Answers to Common Alzheimer’s Disease Questions

Premier Health providers answer frequently asked questions about Alzheimer’s disease and how to live with and manage the condition.

What are the treatment options for Alzheimer’s disease?

Dr. Larry Lawhorne discusses treatment options for Alzheimer’s. Click play to watch the video or read the transcript.

 

The treatment options for Alzheimer's disease are in some ways limited. There is one class of drugs called cholinesterase inhibitors that have been available for some time. People with Alzheimer’s lose a neurotransmitter called acetylcholine. An enzyme called cholinesterase breaks down acetylcholine. The medicines prevent the cholinesterase from breaking down the acetylcholine in the brain. Early in Alzheimer's disease, when enough brain cells are making that chemical, the medicine works. Later in the disease, when fewer brain cells are making acetylcholine, the medicine may not make much difference.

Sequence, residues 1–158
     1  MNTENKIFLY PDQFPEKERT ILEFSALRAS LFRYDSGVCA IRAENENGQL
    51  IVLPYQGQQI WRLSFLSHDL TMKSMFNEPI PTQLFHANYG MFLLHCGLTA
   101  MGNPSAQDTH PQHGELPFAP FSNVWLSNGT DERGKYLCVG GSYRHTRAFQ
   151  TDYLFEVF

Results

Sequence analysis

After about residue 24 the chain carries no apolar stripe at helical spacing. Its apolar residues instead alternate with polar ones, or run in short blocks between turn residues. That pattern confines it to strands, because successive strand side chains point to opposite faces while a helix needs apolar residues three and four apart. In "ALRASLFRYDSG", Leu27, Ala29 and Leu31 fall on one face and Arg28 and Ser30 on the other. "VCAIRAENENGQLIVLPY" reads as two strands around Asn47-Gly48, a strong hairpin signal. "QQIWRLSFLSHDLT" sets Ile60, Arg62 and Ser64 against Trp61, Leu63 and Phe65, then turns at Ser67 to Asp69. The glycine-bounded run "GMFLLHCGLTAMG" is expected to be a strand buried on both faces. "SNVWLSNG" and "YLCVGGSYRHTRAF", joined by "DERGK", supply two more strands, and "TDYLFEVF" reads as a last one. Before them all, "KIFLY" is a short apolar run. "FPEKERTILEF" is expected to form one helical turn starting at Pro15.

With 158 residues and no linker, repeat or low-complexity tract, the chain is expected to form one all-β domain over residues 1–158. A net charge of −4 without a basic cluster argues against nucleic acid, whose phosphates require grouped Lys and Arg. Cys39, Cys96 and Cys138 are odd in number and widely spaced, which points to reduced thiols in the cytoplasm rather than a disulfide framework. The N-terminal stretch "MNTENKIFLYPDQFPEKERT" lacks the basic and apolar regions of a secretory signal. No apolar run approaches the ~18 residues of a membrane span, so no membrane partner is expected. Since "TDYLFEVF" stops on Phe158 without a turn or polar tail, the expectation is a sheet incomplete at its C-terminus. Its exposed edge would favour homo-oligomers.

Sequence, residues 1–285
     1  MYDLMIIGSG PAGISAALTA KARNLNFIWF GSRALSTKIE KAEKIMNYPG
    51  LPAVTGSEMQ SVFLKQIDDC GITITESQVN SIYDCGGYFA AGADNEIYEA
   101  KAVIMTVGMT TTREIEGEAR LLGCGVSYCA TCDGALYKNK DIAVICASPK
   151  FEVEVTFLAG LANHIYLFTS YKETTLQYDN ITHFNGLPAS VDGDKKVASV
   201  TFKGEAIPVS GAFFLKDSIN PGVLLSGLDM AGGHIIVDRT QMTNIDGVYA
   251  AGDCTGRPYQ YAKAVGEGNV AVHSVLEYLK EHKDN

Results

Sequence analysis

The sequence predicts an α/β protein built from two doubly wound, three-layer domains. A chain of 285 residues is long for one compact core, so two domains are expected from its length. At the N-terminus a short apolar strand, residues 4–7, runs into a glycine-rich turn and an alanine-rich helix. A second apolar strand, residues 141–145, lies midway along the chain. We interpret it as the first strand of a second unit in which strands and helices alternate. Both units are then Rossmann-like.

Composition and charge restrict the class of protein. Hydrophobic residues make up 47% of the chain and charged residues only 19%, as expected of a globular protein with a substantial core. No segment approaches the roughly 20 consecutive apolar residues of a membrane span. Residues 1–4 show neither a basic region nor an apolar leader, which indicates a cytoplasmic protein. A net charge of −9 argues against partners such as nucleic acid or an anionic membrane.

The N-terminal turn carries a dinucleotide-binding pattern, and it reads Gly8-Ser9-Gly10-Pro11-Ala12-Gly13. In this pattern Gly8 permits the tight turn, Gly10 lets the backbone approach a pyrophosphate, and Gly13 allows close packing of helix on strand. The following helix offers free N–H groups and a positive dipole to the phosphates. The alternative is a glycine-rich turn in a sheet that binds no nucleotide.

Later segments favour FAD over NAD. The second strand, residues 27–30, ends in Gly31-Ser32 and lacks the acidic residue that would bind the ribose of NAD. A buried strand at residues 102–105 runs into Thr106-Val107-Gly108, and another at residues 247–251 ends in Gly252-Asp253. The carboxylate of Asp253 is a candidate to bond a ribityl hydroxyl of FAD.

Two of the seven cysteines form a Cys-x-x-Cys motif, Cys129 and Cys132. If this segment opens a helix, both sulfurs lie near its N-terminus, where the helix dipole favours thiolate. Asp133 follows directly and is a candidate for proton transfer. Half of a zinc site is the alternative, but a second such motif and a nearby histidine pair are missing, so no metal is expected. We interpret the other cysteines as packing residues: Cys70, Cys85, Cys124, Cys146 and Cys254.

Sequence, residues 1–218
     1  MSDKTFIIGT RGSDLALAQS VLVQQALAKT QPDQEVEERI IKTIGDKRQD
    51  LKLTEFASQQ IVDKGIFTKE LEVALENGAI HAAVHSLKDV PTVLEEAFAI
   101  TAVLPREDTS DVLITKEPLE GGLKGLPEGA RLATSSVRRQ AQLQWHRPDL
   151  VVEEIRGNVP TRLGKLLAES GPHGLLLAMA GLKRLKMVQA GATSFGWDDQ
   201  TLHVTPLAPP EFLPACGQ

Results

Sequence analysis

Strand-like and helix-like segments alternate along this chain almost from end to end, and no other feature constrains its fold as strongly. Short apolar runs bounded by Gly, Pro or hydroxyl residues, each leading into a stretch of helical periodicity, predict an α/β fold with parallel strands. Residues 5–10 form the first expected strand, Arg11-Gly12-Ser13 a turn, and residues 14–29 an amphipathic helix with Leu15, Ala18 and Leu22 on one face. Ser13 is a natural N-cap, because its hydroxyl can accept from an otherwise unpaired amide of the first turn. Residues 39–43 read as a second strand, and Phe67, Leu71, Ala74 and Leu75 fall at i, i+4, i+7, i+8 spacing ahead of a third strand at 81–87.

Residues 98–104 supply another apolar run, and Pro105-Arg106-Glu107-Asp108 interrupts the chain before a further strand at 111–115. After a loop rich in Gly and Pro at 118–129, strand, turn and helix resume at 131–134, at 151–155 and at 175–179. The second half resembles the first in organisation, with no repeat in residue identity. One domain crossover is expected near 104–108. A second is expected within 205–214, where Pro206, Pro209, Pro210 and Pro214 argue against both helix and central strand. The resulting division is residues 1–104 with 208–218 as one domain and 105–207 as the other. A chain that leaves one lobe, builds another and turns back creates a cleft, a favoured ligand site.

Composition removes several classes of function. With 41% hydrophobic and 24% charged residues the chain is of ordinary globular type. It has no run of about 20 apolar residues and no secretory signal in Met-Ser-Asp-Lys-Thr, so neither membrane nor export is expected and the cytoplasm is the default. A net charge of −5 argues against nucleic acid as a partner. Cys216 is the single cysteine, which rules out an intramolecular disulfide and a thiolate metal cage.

The other class of drugs protects damaged brain cells from further injury from glutamate, which is a normal chemical in the brain. The generic name is memantine. For some reason, glutamate attacks the brain cells injured by Alzheimer's disease and makes them die faster. Memantine protects the brain cells for a little bit longer. 

Neither of these medicines provides a cure. Most studies show they may slow down the progression of the disease. It’s important to talk with your physician about the particular type of dementia a loved one has in terms of how you approach the treatment.

    Source: Larry Lawhorne, MD, Wright State Physicians; National Institute on Aging, Alzheimer’s Association